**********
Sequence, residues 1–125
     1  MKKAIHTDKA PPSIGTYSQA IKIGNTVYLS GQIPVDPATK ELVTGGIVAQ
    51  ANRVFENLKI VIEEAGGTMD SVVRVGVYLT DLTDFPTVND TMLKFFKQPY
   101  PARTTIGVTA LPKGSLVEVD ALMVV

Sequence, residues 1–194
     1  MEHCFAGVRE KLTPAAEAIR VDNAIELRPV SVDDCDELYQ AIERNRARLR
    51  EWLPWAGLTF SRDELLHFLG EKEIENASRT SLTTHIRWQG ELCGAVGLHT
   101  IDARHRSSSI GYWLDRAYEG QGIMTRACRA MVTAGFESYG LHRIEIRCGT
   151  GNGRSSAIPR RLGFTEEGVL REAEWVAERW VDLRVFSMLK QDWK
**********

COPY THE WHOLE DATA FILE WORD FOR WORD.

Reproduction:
Sequence, residues 1–125
     1  MKKAIHTDKA PPSIGTYSQA IKIGNTVYLS GQIPVDPATK ELVTGGIVAQ
    51  ANRVFENLKI VIEEAGGTMD SVVRVGVYLT DLTDFPTVND TMLKFFKQPY
   101  PARTTIGVTA LPKGSLVEVD ALMVV

Sequence, residues 1–194
     1  MEHCFAGVRE KLTPAAEAIR VDNAIELRPV SVDDCDELYQ AIERNRARLR
    51  EWLPWAGLTF SRDELLHFLG EKEIENASRT SLTTHIRWQG ELCGAVGLHT
   101  IDARHRSSSI GYWLDRAYEG QGIMTRACRA MVTAGFESYG LHRIEIRCGT
   151  GNGRSSAIPR RLGFTEEGVL REAEWVAERW VDLRVFSMLK QDWK